From the Betty Trask shortlisted Okechukwu Nzelu comes a quietly devastating novel about masculinity, love, and grief
A novel about lovers, fathers and sons. About vulnerability, losses, love and regrets.
Achike Okoro is an up-and-coming actor, soon to star in the career-making film 'Here Again Now.' His friend Ekene is lost, moving from one unfulfilling relationship to another, estranged from his family and recently made redundant from his job as a drama teacher.
A few years ago, their lives had been on similar trajectories: both of them young, both Nigerian-British, both gay, and both living in Manchester. Ekene and Achike have always been more than just friends and now it feels like they are on the cusp of fully admitting that to one another. But beneath the fa ade of success, Achike is someone who is confused by affection and how to receive it. He expresses his love in acts of martyrdom, and it is this that causes him to take in his father, Chibuike, who relies on drink to numb his failure to connect with everyone in his life.
With the three of them living together in Achike's house, it is Ekene and Chibuike who will come together in the aftermath of a devastating event to try and make sense of the complexity of these relationships.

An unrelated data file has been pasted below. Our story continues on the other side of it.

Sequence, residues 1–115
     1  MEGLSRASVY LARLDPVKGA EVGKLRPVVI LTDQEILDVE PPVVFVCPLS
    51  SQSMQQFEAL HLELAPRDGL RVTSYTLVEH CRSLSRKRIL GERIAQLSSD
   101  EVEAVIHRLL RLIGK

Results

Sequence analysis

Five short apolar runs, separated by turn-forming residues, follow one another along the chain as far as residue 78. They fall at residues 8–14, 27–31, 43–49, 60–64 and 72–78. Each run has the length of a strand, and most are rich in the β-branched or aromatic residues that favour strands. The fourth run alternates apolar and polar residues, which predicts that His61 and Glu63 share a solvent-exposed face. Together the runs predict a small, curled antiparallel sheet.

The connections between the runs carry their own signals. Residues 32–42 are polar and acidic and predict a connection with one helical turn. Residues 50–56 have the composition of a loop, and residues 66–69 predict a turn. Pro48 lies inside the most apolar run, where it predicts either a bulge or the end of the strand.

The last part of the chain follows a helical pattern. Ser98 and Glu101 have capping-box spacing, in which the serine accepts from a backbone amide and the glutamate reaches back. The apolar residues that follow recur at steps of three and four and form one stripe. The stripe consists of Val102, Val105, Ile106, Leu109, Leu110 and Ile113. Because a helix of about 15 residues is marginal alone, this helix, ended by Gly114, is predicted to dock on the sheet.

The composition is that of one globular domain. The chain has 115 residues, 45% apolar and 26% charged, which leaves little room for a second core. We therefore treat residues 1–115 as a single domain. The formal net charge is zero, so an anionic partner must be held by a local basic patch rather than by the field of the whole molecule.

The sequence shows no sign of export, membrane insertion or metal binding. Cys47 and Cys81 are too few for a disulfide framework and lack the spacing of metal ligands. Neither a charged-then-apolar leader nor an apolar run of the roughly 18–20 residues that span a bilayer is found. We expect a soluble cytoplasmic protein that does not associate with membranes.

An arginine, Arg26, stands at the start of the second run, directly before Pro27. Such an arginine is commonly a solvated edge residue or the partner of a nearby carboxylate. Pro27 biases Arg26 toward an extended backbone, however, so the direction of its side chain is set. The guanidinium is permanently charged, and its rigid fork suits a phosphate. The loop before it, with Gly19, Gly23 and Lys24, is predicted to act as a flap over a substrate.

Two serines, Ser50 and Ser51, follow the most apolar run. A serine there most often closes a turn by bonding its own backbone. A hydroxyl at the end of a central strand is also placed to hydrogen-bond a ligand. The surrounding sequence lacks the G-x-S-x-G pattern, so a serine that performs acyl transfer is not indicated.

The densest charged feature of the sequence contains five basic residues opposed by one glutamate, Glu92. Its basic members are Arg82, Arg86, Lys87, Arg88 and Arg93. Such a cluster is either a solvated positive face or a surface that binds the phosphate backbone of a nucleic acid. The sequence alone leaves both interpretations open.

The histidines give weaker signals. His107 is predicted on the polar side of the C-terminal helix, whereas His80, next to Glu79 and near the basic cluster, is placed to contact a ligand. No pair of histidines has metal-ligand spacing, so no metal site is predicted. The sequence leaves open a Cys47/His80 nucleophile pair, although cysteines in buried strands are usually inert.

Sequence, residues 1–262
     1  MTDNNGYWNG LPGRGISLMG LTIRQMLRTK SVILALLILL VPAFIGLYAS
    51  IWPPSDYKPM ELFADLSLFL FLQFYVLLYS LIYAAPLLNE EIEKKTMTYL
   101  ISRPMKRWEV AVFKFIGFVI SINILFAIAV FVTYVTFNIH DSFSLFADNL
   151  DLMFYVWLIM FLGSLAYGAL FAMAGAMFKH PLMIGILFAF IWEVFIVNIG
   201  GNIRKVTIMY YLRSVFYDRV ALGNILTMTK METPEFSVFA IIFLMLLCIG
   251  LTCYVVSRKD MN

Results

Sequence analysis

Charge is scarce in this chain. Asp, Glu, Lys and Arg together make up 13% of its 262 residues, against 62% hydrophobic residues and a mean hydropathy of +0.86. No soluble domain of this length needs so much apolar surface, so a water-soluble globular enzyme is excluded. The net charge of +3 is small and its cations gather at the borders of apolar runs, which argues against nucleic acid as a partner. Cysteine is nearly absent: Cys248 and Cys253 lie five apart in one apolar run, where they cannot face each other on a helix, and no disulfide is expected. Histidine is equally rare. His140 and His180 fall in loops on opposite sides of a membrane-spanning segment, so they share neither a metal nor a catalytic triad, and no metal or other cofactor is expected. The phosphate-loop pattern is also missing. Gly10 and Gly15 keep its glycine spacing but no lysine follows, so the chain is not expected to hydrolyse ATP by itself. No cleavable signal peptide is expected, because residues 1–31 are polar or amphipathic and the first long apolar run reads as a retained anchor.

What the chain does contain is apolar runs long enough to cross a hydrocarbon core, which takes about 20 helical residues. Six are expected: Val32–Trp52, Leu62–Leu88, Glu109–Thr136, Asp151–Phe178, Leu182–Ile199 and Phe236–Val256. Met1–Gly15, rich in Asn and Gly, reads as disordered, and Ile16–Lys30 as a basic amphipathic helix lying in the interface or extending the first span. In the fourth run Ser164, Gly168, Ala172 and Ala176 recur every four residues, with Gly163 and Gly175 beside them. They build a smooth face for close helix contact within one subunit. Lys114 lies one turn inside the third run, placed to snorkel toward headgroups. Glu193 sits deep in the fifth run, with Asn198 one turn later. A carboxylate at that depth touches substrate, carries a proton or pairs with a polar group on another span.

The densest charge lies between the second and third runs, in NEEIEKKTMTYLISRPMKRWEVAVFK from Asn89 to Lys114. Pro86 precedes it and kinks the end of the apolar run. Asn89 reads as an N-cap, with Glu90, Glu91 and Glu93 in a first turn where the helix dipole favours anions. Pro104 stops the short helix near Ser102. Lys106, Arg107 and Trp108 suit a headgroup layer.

Here Again Now is set primarily in Peckham, London, but reaches across to Manchester, Berlin and Nigeria. Nzelu brings us a quietly devastating second novel, using boldly lyrical prose to explore masculinity, grief and love.
Okechukwu Nzelu is a Manchester-based writer. In 2015 he was the recipient of a Northern Writers' Award from New Writing North. His debut novel, The Private Joys of Nnenna Maloney (Dialogue Books), won a Betty Trask Award; it was also shortlisted for the Desmond Elliott Prize and the Polari First Book Prize, and longlisted for the Portico Prize. In 2021, it was selected for the Kingston University Big Read. He is a regular contributor to Kinfolk magazine, and a Lecturer in Creative Writing at Lancaster University.